Stone column treatment is commonly used to mitigate liquefaction hazard in sandy soils. Research and experience indicate that this method is effective for clean sands but that it may not be effective for silts and sands with fines contents greater than 15-20%. An alternative to the stone column method involves supplementing stone column treatment with pre-fabricated vertical wick drains installed prior to the stone columns installation. Although this method is used in practice, there has not been a formal academic study of its effectiveness. This thesis evaluates seven different case histories where wick drains were used and one where wick drains were not used, for comparison purposes. The site locations varied as well as the soil properties and treatment plans. CPT testing was done at 3 sites and SPT testing was performed at the other 5 sites. CPT data were correlated to SPT data to facilitate comparisons. One of the case histories includes a unique study in which three different variations of the stone column treatment were applied at the same site, providing a direct comparison of the effectiveness of each method. A 26% area replacement ratio (Ar) with drains was determined to be more effective overall than a 26% Ar without drains and more effective in increasing low initial blow counts than the 34% Ar without drains. The areas with drains were more likely to exceed the minimum project criteria consistently throughout the site. Significant scatter were observed in the results and probable causes for the scatter are noted. Final blow count coefficients of variation ranged from 28% to 77%. Increased fines contents required increased Ar in order to maintain similar average final blow counts. Site improvements were evaluated separately and collectively. Individual site results were compared to clean sand curves developed by Baez (1995). Sites with average fines contents less than 20% which were improved using drains and an 11-15% Ar treatment were comparable to clean sand sites without drains and with 5-10% Ar. To achieve similar improvement at sites with 40-46% fines necessitated drains and Ar values of 23-26%. Design recommendations are provided.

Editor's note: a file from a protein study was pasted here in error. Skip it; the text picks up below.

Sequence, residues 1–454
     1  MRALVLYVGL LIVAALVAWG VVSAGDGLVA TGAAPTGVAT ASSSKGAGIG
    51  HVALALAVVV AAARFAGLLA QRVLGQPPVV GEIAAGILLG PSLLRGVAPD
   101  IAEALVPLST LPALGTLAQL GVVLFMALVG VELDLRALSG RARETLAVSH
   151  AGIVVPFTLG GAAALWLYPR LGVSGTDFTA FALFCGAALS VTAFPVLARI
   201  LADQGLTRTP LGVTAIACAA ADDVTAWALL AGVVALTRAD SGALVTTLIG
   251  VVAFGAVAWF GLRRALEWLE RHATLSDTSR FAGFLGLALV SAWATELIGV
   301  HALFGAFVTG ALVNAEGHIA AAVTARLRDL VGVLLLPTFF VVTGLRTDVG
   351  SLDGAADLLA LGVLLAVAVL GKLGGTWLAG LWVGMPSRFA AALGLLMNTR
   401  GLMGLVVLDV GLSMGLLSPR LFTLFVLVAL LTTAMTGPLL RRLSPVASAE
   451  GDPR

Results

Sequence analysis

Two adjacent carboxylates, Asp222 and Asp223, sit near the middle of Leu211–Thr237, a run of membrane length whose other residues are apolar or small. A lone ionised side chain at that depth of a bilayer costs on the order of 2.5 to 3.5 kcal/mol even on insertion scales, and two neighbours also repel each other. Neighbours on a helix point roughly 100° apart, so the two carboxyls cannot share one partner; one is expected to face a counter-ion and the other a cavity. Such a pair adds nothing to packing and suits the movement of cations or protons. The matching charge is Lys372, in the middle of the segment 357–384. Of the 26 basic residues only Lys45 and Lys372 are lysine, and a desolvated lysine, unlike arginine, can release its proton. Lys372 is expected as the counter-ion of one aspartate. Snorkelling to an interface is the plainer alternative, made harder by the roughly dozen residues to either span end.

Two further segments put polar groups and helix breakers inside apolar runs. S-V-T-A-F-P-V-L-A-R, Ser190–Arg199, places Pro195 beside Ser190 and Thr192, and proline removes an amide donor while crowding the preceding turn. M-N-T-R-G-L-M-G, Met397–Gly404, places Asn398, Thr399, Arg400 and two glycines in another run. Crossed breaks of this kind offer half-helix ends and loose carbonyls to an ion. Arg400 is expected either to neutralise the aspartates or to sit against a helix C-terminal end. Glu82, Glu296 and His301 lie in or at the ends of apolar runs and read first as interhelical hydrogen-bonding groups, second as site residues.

College and Department

Ira A. Fulton College of Engineering and Technology; Civil and Environmental Engineering



Date Submitted


Document Type





liquefaction, silty sand, stone column, wick drain, liquefaction mitigation, vibrocompaction, soil improvement, pre-fabricated vertical drain